Location: The Komodo islands are located
between Sumbawa and Flores in the Lesser Sunda island chain.
Komodo dragons might be amongst the most impressive
carnivorous animals in the world but they are also extremely endangered.
Fewer than 3,000 exist in the wild on just four islands in a very
localised area in Indonesia. A single ecological catastrophe could
wipe them out in the wild. Captive breeding programs are underway
world wide to ensure the survival of the dragons but scientists
are having problems achieving the correct sex ratios in captive
populations. Dr Claudio Ciofi is conducting research into the life-history
of hatchling dragons, including determining the ratio of males to
females in newly hatched clutches by DNA analysis since dragons
of both sexes look rather similar. Mark joins Claudio at his nest
sites on Rinca and Komodo as he awaits this years hatch, which
Mark then travels to the neighbouring island of
Padar with Dr Putra Sastrawan. Deer hunters drove dragons off Padar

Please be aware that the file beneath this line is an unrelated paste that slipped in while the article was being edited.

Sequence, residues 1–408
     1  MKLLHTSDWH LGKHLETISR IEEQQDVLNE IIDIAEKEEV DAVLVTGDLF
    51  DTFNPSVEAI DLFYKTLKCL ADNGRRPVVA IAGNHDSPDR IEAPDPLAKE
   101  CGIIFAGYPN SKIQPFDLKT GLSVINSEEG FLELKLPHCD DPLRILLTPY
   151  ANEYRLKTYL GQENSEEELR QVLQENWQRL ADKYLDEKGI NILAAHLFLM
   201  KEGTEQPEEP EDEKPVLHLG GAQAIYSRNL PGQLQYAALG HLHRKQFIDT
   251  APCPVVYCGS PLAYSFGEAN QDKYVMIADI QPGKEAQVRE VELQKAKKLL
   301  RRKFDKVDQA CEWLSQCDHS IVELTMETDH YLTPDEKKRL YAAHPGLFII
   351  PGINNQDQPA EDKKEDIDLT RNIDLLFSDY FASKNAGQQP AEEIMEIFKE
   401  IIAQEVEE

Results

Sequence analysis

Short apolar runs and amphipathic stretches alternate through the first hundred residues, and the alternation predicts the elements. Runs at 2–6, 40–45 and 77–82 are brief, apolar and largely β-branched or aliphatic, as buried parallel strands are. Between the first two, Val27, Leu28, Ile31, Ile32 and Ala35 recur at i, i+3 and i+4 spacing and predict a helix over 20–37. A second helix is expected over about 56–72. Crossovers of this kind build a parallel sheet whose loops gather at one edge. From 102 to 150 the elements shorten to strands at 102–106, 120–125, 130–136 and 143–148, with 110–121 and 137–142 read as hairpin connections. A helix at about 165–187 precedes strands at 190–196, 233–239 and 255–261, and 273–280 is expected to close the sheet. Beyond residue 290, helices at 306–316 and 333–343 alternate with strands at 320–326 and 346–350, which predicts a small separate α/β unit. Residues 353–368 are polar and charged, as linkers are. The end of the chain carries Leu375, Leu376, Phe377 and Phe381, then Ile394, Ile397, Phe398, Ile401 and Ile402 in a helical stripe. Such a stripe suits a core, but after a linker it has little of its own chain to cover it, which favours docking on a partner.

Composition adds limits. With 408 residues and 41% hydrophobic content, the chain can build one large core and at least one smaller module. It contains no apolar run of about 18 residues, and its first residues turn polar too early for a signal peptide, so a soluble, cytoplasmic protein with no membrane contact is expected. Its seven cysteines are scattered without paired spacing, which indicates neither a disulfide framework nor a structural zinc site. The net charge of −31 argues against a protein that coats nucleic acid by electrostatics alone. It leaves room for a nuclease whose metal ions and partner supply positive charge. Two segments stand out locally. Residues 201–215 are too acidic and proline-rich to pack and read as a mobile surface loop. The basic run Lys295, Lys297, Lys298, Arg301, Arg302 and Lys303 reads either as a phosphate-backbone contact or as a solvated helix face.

some years ago but Putra has a dream to re-populate the island with
dragons again. Once again it will be necessary to understand the
natural ratios of males to females in wild populations of Komodo
dragons. Apart from dragons the Komodo Island group has several
other interesting and dangerous reptile species.
A large Komodo dragon (Varanus komodoensis)
is a formidable predator, armed with a powerful tail, long claws
and a mouth containing a cocktail of lethally virulent bacteria.
||Green sea turtle
||Flat-tailed house gecko
||Common house gecko
||Komodo striped snake-eyed
||Komodo snake-eyed skink
||Komodo striped skink
||COBRAS & THEIR
||VIPERS & PITVIPERS
||Sunda Island pitviper
Location: The Komodo dragon is today found on Komodo, Rinca, Gili
Motang and western Flores. They were driven off Padar by deer-hunters.
Yale herpetologist Claudio Ciofi photographs an adult dragon.